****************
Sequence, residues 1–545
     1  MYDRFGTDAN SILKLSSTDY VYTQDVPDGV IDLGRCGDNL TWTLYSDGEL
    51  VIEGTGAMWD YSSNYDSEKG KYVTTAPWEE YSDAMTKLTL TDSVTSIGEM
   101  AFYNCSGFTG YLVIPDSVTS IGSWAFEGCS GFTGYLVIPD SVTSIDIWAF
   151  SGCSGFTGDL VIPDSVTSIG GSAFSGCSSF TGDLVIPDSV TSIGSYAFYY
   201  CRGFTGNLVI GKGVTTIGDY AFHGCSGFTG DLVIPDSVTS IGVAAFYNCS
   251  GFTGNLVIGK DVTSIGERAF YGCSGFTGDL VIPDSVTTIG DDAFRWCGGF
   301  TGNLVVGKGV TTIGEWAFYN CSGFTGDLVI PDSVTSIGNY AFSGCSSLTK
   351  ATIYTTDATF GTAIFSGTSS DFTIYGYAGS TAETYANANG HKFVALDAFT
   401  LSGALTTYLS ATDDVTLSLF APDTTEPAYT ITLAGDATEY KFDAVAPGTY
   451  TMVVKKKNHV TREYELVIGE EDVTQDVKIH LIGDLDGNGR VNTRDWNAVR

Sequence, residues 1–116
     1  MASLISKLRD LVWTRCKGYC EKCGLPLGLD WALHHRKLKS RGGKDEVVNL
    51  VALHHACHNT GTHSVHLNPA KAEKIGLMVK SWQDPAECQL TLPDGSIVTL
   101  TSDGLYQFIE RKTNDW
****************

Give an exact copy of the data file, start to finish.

Sequence, residues 1–545
     1  MYDRFGTDAN SILKLSSTDY VYTQDVPDGV IDLGRCGDNL TWTLYSDGEL
    51  VIEGTGAMWD YSSNYDSEKG KYVTTAPWEE YSDAMTKLTL TDSVTSIGEM
   101  AFYNCSGFTG YLVIPDSVTS IGSWAFEGCS GFTGYLVIPD SVTSIDIWAF
   151  SGCSGFTGDL VIPDSVTSIG GSAFSGCSSF TGDLVIPDSV TSIGSYAFYY
   201  CRGFTGNLVI GKGVTTIGDY AFHGCSGFTG DLVIPDSVTS IGVAAFYNCS
   251  GFTGNLVIGK DVTSIGERAF YGCSGFTGDL VIPDSVTTIG DDAFRWCGGF
   301  TGNLVVGKGV TTIGEWAFYN CSGFTGDLVI PDSVTSIGNY AFSGCSSLTK
   351  ATIYTTDATF GTAIFSGTSS DFTIYGYAGS TAETYANANG HKFVALDAFT
   401  LSGALTTYLS ATDDVTLSLF APDTTEPAYT ITLAGDATEY KFDAVAPGTY
   451  TMVVKKKNHV TREYELVIGE EDVTQDVKIH LIGDLDGNGR VNTRDWNAVR

Sequence, residues 1–116
     1  MASLISKLRD LVWTRCKGYC EKCGLPLGLD WALHHRKLKS RGGKDEVVNL
    51  VALHHACHNT GTHSVHLNPA KAEKIGLMVK SWQDPAECQL TLPDGSIVTL
   101  TSDGLYQFIE RKTNDW